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Table of contents
PREFACE
THE MOTHER AND HER CHILD-1.1
THE MOTHER AND HER CHILD-1.2
THE MOTHER AND HER CHILD-1.3
THE MOTHER AND HER CHILD-1.4
THE MOTHER AND HER CHILD-1.5
SEXUAL EDUCATION-2.1
SEXUAL EDUCATION-2.2
SEXUAL EDUCATION-2.3
SEXUAL EDUCATION-2.4
SEXUAL EDUCATION-2.5
SEXUAL EDUCATION-2.6
SEXUAL EDUCATION-2.7
SEXUAL EDUCATION-2.8
SEXUAL EDUCATION-2.9
SEXUAL EDUCATION-2.10
SEXUAL EDUCATION-2.11
SEXUAL EDUCATION AND NAKEDNESS-3.1
SEXUAL EDUCATION AND NAKEDNESS-3.2
SEXUAL EDUCATION AND NAKEDNESS-3.3
SEXUAL EDUCATION AND NAKEDNESS-3.4
THE VALUATION OF SEXUAL LOVE-4.1
THE VALUATION OF SEXUAL LOVE-4.2
THE VALUATION OF SEXUAL LOVE-4.3
THE VALUATION OF SEXUAL LOVE-4.4
THE FUNCTION OF CHASTITY-5.1
THE FUNCTION OF CHASTITY-5.2
THE FUNCTION OF CHASTITY-5.3
THE FUNCTION OF CHASTITY-5.4
THE FUNCTION OF CHASTITY-5.5
THE FUNCTION OF CHASTITY-5.6
THE PROBLEM OF SEXUAL ABSTINENCE-6.1
THE PROBLEM OF SEXUAL ABSTINENCE-6.2
THE PROBLEM OF SEXUAL ABSTINENCE-6.3
THE PROBLEM OF SEXUAL ABSTINENCE-6.4
THE PROBLEM OF SEXUAL ABSTINENCE-6.5
THE PROBLEM OF SEXUAL ABSTINENCE-6.6
PROSTITUTION-7.1
PROSTITUTION-7.2
PROSTITUTION-7.3
PROSTITUTION-7.4
PROSTITUTION-7.5
PROSTITUTION-7.6
PROSTITUTION-7.7
PROSTITUTION-7.8
PROSTITUTION-7.9
PROSTITUTION-7.10
PROSTITUTION-7.11
PROSTITUTION-7.12
PROSTITUTION-7.13
PROSTITUTION-7.14
PROSTITUTION-7.15
FOOTNOTES-1
FOOTNOTES-2

hall, by artificial light, in the presence of spectators who are 

themselves clothed, has no element of morality about it. Attempts 

have here and there been quietly made to cultivate a certain 

amount of mutual nakedness as between the sexes on remote country 

excursions. It is significant to find a record of such an 

experiment in Ungewitter's _Die Nacktheit_. In this case a party 

of people, men and women, would regularly every Sunday seek 

remote spots in woods or meadows where they would settle down, 

picnic, and enjoy games. "They made themselves as comfortable as 

possible, the men laying aside their coats, waistcoats, boots and 

socks; the women their blouses, skirts, shoes and stockings. 

Gradually, as the moral conception of nakedness developed in 

their minds, more and more clothing fell away, until the men wore 

nothing but bathing-drawers and the women only their chemises. In 

this 'costume' games were carried out in common, and a regular 

camp-life led. The ladies (some of whom were unmarried) would 

then lie in hammocks and we men on the grass, and the intercourse 

was delightful. We felt as members of one family, and behaved 

accordingly. In an entirely natural and unembarrassed way we gave 

ourselves up entirely to the liberating feelings aroused by this 

light- and air-bath, and passed these splendid hours in joyous 

singing and dancing, in wantonly childish fashion, freed from the 

burden of a false civilization. It was, of course, necessary to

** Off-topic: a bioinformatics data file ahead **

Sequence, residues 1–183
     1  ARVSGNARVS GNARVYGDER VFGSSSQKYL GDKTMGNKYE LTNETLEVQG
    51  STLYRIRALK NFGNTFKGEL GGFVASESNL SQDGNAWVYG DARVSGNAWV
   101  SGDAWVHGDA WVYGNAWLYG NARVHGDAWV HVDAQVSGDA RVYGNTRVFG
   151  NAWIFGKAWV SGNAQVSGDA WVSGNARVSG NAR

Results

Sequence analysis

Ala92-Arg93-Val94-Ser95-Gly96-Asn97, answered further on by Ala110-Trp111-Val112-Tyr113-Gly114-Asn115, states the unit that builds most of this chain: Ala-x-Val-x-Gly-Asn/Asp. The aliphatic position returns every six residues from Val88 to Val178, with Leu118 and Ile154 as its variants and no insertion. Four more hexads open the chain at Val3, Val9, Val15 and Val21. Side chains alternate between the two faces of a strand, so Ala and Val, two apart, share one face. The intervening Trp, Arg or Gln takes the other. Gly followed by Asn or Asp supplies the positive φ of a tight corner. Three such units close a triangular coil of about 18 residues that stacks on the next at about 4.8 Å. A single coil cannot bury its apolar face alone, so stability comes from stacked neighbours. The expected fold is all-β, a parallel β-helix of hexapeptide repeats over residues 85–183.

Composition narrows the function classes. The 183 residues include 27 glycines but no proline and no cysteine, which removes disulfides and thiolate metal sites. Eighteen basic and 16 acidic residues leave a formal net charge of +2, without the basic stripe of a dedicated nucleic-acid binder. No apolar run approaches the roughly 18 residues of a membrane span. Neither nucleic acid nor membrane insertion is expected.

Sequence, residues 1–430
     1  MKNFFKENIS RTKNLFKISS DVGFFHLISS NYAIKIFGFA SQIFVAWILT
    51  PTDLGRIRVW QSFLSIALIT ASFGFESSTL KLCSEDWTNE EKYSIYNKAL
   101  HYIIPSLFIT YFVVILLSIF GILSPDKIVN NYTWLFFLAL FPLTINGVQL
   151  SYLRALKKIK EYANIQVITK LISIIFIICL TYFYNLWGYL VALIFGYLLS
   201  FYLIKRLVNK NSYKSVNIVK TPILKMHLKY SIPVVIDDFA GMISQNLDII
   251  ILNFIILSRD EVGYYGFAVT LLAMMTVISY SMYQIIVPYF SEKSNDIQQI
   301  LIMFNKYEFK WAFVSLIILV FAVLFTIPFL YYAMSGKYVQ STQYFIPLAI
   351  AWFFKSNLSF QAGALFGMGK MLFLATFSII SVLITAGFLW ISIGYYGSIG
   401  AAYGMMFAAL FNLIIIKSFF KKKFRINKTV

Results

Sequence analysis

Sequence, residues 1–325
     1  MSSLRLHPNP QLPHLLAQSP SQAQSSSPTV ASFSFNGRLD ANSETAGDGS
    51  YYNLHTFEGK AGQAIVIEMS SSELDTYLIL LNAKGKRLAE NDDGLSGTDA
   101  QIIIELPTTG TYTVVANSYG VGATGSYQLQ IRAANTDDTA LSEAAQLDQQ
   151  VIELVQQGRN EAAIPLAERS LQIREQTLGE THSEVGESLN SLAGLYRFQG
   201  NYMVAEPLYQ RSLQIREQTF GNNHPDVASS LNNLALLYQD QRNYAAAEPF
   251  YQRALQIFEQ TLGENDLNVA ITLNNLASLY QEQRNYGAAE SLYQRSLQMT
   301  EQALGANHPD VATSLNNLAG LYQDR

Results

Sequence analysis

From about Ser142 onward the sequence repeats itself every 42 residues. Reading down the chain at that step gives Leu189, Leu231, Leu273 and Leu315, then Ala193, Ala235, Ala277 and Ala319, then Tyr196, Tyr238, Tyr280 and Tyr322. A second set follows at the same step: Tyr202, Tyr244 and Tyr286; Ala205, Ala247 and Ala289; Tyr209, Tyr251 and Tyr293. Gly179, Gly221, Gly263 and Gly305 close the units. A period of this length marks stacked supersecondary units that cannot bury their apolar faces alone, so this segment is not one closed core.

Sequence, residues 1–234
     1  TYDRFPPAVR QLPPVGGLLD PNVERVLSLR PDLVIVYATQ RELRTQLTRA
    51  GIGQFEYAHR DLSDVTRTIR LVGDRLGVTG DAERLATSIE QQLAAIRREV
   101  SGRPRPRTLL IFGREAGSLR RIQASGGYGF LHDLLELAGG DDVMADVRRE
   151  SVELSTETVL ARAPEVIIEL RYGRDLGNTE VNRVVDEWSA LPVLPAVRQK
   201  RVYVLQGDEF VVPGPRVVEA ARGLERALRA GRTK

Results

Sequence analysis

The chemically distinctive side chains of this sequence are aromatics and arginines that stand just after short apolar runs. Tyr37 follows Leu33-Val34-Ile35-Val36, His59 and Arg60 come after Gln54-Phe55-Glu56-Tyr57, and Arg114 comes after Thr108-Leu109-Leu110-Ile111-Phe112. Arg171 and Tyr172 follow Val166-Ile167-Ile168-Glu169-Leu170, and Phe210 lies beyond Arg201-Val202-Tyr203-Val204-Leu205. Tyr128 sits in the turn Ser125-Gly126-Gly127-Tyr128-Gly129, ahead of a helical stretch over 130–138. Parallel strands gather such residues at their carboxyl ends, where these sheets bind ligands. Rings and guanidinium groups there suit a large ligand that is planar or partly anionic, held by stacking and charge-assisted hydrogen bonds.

seek spots as remote as possible from high-roads, for fear of 

being disturbed. At the same time we by no means failed in 

natural modesty and consideration towards one another. Children, 

who can be entirely naked, may be allowed to take part in such 

meetings of adults, and will thus be brought up free from morbid 

prudery" (R. Ungewitter, _Die Nacktheit_, p. 58). 

 

No doubt it may be said that the ideal in this matter is the 

possibility of permitting complete nakedness. This may be 

admitted, and it is undoubtedly true that our rigid police 

regulations do much to artificially foster a concealment in this 

matter which is not based on any natural instinct. Dr. Shufeldt 

narrates in his _Studies of the Human Form_ that once in the 

course of a photographic expedition in the woods he came upon two 

boys, naked except for bathing-drawers, engaged in getting water 

lilies from a pond. He found them a good subject for his camera, 

but they could not be induced to remove their drawers, by no 

means out of either modesty or mock-modesty, but simply because 

they feared they might possibly be caught and arrested. We have 

to recognize that at the present day the general popular 

sentiment is not yet sufficiently educated to allow of public 

disregard for the convention of covering the sexual centres, and 

all attempts to extend the bounds of nakedness must show a due 

regard for this requirement. As concerns women, Valentin Lehr, of 

Freiburg, in Breisgau, has invented a costume (figured in 

Ungewitter's _Die Nacktheit_) which is suitable for either public 

water-baths or air-baths, because it meets the demand of those 

whose minimum requirement is that the chief sexual centres of the 

body should be covered in public, while it is otherwise fairly 

unobjectionable. It consists of two pieces, made of porous 

material, one covering the breasts with a band over the 

shoulders, and the other covering the abdomen below the navel and 

drawn between the legs. This minimal costume, while neither ideal 


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